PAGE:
The new medication, Nuedexta from Avanir Pharmaceuticals in Aliso Viejo, Calif., combines the over-the-counter cough suppressant dextromethorphan with quinidine, a generic drug used to restore normal rhythms to erratically beating hearts.

In clinical trials, Nuedexta was safe, reduced the frequency and severity of PBA episodes, and showed a significant advantage over a placebo. But in 2006, the FDA expressed concerns that higher doses of the drug combination raise the risks of dangerous cardiac rhythms. By reducing the doses of quinidine from 30 milligrams to 10 milligrams, Avanir satisfied the FDA's concerns about cardiac risks. In a Phase III clinical trial of the drug with MS patients, half the study participants who got the drug reported no PBA episodes in their last two weeks of the study.

"This is wonderful news for all the patients who suffer from PBA," said Dr. Erik Pioro, a Cleveland Clinic neurologist who specializes in ALS and related disorders. "They will now have an effective, safe, and well-tolerated treatment for this distressing and extremely isolating condition."

In the absence of something better, doctors have treated PBA with off-label prescriptions for antidepressants or levodopa, which boosts levels of the neurotransmitter dopamine. But these have a range of side effects and haven't been subjected to large studies in PBA patients.

Avanir plans to make the drug available in the first quarter of 2011, said CEO Keith Katkin, and will start by providing 30-day samples to select doctors who treat PBA.  Avanir estimates the drug will run $3,000 to $5,000 a year for patients, or about $250 a month.  Patients with limited incomes will get the drug free through a patient assistance program, Katkin said.

Copyright 2010 ABC News Radio

Thursday
Nov042010

Hand Sanitizers Stop Working After Two Minutes, Specialists Say

Photo Courtesy - Getty Images(DALLAS) -- The Center for Disease Control and Prevention (CDC) says that keeping the hands clean is one of the most effective ways that people can prevent sickness and the passing of germs to others.  Additionally, the CDC recommends using an alcohol-based hand sanitizer when soap and water is unavailable.

While 71 percent of the people that use hand sanitizers say they get peace of mind from using the soap and water substitute, infection prevention specialists say hand sanitizers may eliminate germs on contact, but the effects only last for about two minutes.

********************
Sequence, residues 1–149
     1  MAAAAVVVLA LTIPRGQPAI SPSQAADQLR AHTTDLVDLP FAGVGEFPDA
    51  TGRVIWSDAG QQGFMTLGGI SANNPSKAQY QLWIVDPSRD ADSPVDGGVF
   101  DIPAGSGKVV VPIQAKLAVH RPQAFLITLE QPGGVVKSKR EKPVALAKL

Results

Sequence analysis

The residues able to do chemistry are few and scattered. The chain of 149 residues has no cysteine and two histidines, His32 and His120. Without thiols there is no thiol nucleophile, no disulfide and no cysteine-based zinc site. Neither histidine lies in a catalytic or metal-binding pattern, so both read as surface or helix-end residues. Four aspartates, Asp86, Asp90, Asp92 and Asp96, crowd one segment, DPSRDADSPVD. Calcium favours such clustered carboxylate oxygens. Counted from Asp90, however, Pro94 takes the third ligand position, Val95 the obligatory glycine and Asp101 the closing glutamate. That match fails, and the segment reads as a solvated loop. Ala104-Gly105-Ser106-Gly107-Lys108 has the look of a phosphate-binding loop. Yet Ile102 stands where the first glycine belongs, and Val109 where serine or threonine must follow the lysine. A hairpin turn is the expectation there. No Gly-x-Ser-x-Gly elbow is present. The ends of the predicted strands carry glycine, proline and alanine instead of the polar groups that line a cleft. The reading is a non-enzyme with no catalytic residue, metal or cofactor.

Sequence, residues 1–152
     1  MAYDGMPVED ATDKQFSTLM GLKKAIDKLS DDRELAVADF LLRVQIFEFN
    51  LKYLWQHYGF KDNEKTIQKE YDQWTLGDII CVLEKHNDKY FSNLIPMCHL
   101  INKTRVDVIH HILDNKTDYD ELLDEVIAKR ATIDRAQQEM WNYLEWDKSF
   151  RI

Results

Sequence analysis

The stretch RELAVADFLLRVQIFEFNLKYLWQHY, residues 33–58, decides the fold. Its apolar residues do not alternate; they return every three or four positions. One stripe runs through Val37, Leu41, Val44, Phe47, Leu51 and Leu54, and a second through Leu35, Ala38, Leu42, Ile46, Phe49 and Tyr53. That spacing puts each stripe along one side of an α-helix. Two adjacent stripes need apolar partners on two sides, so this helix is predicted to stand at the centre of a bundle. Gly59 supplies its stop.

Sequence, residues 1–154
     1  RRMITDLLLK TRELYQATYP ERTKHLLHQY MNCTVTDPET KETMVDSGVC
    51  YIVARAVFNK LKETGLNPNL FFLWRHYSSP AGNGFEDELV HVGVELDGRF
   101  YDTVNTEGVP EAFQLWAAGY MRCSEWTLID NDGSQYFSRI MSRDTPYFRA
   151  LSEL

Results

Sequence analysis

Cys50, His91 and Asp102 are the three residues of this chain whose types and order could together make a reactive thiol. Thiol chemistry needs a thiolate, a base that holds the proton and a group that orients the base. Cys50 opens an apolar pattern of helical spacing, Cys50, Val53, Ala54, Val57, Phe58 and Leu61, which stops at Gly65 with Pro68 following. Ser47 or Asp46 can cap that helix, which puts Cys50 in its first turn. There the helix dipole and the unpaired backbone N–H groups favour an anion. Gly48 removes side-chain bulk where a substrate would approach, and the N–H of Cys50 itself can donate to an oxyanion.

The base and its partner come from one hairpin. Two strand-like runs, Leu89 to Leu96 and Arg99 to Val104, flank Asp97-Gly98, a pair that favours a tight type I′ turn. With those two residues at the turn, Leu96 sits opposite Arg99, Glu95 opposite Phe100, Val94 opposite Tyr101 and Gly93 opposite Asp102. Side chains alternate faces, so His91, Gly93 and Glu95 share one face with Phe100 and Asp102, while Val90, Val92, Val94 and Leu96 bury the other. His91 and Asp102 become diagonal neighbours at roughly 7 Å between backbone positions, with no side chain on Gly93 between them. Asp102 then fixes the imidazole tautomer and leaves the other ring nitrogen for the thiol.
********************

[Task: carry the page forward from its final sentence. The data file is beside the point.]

"This is a common misperception among consumers," said Lawton Seal, Ph.D., S.M., director of medical science for infection prevention at Healthpoint Ltd.  "People are unaware that they are vulnerable to germs almost immediately after they cleanse their hands with short-acting hand sanitizers."

Copyright 2010 ABC News Radio

Thursday
Nov042010

Beet Juice May Fight Off Dementia

Photo Courtesy - Getty Images(WINSTON-SALEM, N.C.) -- A new study suggests that is isn't just kids who should eat their vegetables.

Researchers at Wake Forest University's Translational Science Center have found that older adults who drink beet juice can combat the onset of dementia, reports Consumer Affairs.

Beet juice, which is high in nitrates, opens up blood vessels in the body which increase the flow of oxygen to the brain.

Copyright 2010 ABC News Radio 

Thursday
Nov042010

MRI Could Detect Stroke Onset

Photo Courtesy - Getty Images(PARIS) -- A study by the Universite Paris Descartes in France suggests that MRI images can help pinpoint the onset of stroke in some patients, according to HealthDay News.

Stroke patients whose symptoms began in their sleep may be able to use magnetic resonance imaging to determine if a clot-busting therapy -- which is most effective when administered within three hours of suffering a stroke -- could save their life.

About 795,000 Americans suffer a stroke each year, and around 137,000 die as a result, according to the U.S. Centers for Disease Control and Prevention.

Copyright 2010 ABC News Radio

Thursday
Nov042010

Toddlers Gain 'Very Little' From Educational Videos

Photo Courtesy - Getty Images(CHARLOTTESVILLE, Va.) -- Toddlers who are exposed to "educational" videos show the same improvement in their vocabulary skills as toddlers who are not shown the videos, according to a report published in Psychological Science.

The study, conducted by researchers at the University of Virginia and Vanderbilt University, tested 72 infants aged 12 to 18 months.

The toddlers who were shown a learning DVD regularly over a one month learned "very little" from the exposure and learned no more words that were featured on the DVD than children who had not see it.

Copyright 2010 ABC News Radio

Thursday
Nov042010

Better Dietary Guidelines for Gov. Food Program

Photo Courtesy - Getty Images(WASHINGTON) -- A new report has called for improved nutritional standards in a key government food program.

An Institute of Medicine report has asked that the Child and Adult Care Food Program be brought into line with federal and dietary guidelines. Among the recommendations were increased requirements for the amount of whole grains, fruits and vegetables in meals as well as limitations on the amount of salt, saturated fat, trans fat, and added sugars.

The program, administered through the United States Department of Agriculture (USDA), serves some three million children and 114,000 adults in child care centers, after school programs, emergency shelters, and adult day cares around the country.

The report noted that day care centers will need extra money and assistance to meet the new nutritional guidelines.

Copyright 2010 ABC News Radio







ABC News Radio